Tuesday, September 19, 2006

Indy fears

New-media fears at The Independent are none too surprising for a company that hasn't invested in online while its rivals have.

A report carried by The Guardian focuses on Independent chief executive Ivan Fallon's scepticism about the huge investment being made in online by other newspaper groups.

Fallon has voiced concern about how newspapers will integrate their print and online operations and he doesn't believe newspaper reporters are necessarily suited to the kind of multimedia journalism that the newspaper groups are focusing on.

"The difficulty is getting print journalists to adapt to new media -- most print journalists do not translate very easily to podcasts or radio or TV. To call upon reporters to turn round and broadcast their stories on the internet and make stories available in real time -- I don't see a model for monetising that."

His comments have come following activity by the Telegraph Group and the multimillion pound investment the group has made in creating a "newsroom of the future".

Fallon's comments, defensive in nature, are not surprising, since it’s well known that The Independent hardly has two buttons to rub together when it comes to online activity, while its rivals, led by The Guardian, push the boundaries of new media activity.

He, and I think the Telegraph Group, are taking the whole thing too literally. Newspaper groups should experiment and develop new streams of activity, be it blogging (like the Guardian's Comment is Free), podcasting or web TV, but it doesn't necessarily have to be all done by the same people in the exact same place.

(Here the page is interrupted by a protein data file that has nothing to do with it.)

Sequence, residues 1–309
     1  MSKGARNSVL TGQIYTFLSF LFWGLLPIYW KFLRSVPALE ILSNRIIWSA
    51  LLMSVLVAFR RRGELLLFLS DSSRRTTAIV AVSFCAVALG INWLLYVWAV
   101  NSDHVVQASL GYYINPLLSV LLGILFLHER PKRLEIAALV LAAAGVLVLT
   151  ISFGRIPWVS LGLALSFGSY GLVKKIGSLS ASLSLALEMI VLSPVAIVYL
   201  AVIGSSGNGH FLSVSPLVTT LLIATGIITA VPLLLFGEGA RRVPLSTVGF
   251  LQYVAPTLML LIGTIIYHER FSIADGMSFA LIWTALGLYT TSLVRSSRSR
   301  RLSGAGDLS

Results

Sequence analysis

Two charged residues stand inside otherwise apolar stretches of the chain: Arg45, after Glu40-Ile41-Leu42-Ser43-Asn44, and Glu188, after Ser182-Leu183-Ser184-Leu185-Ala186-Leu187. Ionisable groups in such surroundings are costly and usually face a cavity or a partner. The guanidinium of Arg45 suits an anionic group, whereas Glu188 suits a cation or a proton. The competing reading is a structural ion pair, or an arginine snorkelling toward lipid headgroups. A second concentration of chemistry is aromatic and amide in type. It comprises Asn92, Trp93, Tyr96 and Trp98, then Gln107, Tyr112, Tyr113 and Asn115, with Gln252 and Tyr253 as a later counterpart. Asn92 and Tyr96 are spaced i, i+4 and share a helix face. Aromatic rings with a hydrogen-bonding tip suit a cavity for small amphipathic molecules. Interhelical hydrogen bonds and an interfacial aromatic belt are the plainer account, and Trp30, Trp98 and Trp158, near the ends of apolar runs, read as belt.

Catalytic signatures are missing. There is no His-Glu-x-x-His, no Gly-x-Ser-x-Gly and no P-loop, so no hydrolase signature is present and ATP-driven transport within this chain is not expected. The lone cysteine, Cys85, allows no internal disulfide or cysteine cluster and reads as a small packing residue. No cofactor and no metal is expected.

Yes, there will be some newspaper journalists who want to multi-task and make excellent radio presenters/podcasters, or columnists who are naturals are reading their pieces so that they can be downloaded.

Others might look good on TV, but not all and there is no reason for them to. The core business of newspaper groups has changed. Of course, they will continue to produce perfectly good newspapers, but alongside those papers will be an equally large related operation that produces many different types of content that involves different kinds of skills.

Where there is symmetry, there should be integration, but there is no reason to force square pegs into round holes.

2 Comments:

At 5:31 PM, Anonymous the online gnome said...

You're spot on Gordie, these dead tree media offerings aren't going to just roll over and die but DO need to adapt! A strong print proposition will enhance the brand but this sort of hesitancy about online is foolish. This isn't 98. We know online works. There's a strong readership for online offerings and there's plenty of ways to make money out of online.

Whether that be old school banner/sky/buttons or MPUs/sponsored podcasts/intext doesn't matter. The point is these fools need to get with the programme!

 
At 11:14 AM, Anonymous scandal please said...

I'm shocked by the whole matter really. i can't believe they didn't give any other managers' names apart from redknapp and allardice. i wanted real scandal but ended up with a damp squib.

 

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